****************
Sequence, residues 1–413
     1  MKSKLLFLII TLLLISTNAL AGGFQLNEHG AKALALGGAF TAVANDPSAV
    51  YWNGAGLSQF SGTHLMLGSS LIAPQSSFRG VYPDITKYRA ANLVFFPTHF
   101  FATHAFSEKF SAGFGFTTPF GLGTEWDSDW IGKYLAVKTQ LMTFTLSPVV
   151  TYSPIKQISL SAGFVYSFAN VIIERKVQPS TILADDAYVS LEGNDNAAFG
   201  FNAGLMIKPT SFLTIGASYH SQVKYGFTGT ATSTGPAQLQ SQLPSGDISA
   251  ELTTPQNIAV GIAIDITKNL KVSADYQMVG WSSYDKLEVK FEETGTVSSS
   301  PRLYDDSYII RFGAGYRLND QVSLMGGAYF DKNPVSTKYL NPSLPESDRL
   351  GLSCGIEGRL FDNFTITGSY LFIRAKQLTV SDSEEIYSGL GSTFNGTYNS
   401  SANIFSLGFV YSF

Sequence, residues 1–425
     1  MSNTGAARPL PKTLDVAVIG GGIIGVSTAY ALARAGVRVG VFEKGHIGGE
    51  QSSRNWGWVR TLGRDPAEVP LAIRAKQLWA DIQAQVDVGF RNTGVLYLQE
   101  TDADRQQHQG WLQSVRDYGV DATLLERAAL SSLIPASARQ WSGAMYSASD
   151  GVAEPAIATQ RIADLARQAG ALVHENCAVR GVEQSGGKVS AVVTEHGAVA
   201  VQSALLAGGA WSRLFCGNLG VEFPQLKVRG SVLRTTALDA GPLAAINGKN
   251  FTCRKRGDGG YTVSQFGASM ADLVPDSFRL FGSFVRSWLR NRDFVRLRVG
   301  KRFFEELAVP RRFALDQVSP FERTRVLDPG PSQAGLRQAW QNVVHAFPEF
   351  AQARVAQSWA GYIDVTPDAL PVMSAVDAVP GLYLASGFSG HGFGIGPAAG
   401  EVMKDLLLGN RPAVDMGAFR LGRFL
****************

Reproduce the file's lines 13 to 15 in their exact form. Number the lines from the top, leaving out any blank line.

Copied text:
    51  QSSRNWGWVR TLGRDPAEVP LAIRAKQLWA DIQAQVDVGF RNTGVLYLQE
   101  TDADRQQHQG WLQSVRDYGV DATLLERAAL SSLIPASARQ WSGAMYSASD
   151  GVAEPAIATQ RIADLARQAG ALVHENCAVR GVEQSGGKVS AVVTEHGAVA